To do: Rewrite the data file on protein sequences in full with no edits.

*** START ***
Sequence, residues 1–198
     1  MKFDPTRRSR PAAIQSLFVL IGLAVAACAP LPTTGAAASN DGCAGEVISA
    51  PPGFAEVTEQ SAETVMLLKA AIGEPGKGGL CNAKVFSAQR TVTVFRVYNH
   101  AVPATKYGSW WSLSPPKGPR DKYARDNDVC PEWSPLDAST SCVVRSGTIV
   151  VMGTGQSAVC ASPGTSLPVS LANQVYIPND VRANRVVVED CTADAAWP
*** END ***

Sequence, residues 1–198
     1  MKFDPTRRSR PAAIQSLFVL IGLAVAACAP LPTTGAAASN DGCAGEVISA
    51  PPGFAEVTEQ SAETVMLLKA AIGEPGKGGL CNAKVFSAQR TVTVFRVYNH
   101  AVPATKYGSW WSLSPPKGPR DKYARDNDVC PEWSPLDAST SCVVRSGTIV
   151  VMGTGQSAVC ASPGTSLPVS LANQVYIPND VRANRVVVED CTADAAWP